Pontifical Secret Abolition Ground-breaking
Author: Joshua J. McElwee
Publication: National Catholic Reporter
Several prominent canon lawyers are praising Pope Francis’ decision to abolish the practice of imposing strict confidentiality rules on the Vatican’s legal proceedings in cases involving clergy sexual abuse or misconduct.
The move, the lawyers say, will simplify communication between local church officials and civil authorities in individual abuse cases across the world.
Mercy Sr. Sharon Euart, a former executive coordinator of the Canon Law Society of America and a former associate general secretary of the U.S. bishops’ conference, said the pontiff’s Dec. 17 decision shows “his deep commitment to addressing sexual abuse in the church.”
Nicholas Cafardi, a civil and canon lawyer who served on the first iteration of the U.S. bishops’ National Review Board, called the abolishing of the confidentiality rules, known as the pontifical secret, “truly ground-breaking.”
“It had historically been argued by the church’s critics that one purpose of the church’s own criminal proceeding against a sexually abusive priest was to cover the matter up,” he said.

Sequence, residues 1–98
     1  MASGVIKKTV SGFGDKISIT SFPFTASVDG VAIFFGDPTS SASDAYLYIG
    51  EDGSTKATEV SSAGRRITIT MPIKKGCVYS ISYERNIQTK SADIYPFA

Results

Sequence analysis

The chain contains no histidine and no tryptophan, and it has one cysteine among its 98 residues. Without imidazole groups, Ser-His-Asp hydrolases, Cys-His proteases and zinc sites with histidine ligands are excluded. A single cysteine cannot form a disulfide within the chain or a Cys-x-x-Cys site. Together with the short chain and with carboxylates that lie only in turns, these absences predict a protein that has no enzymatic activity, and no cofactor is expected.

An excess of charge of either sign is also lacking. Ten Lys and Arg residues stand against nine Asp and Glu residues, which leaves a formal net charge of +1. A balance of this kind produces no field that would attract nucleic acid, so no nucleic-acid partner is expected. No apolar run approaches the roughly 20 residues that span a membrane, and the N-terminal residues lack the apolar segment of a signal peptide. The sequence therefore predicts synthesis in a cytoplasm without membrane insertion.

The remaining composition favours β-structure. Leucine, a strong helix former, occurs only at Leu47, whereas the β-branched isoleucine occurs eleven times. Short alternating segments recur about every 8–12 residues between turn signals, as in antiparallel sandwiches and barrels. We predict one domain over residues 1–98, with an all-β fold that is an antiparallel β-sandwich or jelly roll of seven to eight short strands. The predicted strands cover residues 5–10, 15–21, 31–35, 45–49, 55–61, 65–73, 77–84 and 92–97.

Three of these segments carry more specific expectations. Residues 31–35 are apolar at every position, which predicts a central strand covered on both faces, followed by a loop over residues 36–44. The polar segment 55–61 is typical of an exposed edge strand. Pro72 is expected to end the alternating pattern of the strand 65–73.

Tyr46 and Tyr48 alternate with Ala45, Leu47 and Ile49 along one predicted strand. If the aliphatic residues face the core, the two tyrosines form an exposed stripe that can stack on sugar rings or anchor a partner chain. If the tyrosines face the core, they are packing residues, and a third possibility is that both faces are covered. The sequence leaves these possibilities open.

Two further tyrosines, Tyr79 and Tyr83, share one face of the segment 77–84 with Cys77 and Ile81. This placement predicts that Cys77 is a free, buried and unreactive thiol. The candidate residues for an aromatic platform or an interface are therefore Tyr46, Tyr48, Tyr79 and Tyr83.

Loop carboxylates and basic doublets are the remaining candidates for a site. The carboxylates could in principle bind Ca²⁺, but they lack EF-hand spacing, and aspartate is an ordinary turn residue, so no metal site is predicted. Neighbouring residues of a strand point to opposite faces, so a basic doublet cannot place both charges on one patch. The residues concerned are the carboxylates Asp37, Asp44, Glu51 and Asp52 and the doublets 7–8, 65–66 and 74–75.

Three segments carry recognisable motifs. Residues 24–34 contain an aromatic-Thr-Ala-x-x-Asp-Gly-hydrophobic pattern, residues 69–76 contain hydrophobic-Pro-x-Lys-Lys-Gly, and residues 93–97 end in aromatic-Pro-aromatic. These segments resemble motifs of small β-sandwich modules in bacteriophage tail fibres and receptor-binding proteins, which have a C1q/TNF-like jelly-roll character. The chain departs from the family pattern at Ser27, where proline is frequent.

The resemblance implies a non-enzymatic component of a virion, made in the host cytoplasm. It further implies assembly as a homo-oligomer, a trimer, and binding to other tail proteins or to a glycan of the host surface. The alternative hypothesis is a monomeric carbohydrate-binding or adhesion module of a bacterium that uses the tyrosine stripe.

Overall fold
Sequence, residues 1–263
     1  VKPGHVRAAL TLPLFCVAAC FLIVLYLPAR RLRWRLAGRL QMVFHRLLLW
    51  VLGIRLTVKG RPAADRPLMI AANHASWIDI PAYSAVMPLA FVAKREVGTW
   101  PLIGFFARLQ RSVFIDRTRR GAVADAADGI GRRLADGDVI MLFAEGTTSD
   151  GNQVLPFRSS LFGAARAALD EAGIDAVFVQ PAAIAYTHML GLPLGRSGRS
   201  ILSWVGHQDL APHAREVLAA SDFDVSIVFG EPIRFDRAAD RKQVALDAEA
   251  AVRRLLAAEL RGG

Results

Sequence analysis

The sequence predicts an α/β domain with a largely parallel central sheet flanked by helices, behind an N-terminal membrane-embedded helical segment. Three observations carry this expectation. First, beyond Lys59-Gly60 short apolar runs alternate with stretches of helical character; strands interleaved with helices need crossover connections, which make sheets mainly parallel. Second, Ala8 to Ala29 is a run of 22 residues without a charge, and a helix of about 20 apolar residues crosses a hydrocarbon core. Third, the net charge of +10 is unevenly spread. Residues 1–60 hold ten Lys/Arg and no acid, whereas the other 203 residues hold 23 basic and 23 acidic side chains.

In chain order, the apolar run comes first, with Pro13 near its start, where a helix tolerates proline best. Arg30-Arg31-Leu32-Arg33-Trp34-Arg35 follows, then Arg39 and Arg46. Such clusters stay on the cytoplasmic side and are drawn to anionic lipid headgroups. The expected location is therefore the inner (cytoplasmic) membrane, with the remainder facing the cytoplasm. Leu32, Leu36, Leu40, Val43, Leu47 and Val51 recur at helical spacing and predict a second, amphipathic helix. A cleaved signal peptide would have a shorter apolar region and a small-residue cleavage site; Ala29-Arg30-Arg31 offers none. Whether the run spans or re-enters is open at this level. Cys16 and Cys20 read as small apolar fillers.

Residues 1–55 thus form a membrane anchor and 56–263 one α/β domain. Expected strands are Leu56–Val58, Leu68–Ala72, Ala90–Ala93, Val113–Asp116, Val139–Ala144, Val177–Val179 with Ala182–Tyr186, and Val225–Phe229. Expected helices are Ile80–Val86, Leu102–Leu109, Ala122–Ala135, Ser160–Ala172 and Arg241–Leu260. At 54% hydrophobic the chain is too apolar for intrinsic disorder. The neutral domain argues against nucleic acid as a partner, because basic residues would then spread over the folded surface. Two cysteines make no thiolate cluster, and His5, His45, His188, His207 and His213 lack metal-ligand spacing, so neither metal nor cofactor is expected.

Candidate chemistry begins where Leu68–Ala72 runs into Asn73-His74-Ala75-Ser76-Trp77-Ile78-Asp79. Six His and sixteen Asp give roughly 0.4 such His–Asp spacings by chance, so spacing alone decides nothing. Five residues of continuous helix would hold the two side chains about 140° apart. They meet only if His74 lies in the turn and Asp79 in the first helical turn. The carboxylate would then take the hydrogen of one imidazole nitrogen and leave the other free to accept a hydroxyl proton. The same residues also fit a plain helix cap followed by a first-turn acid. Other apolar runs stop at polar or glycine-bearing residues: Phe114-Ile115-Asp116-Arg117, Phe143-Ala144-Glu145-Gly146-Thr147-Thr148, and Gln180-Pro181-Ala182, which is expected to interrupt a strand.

Cafardi, who is also dean emeritus of Duquesne University School of Law in Pittsburgh, said the decision clears up questions some canon lawyers had about how to interpret a 1962 instruction from the Vatican’s doctrinal congregation outlining the use of pontifical secrecy in abuse cases.
“This new rescript resolves all doubt,” he said.
Francis’ decision to abolish the pontifical secret, which went into effect immediately, came in a brief instruction titled Sulla riservatezza delle cause (“On the Confidentiality of Legal Proceedings”).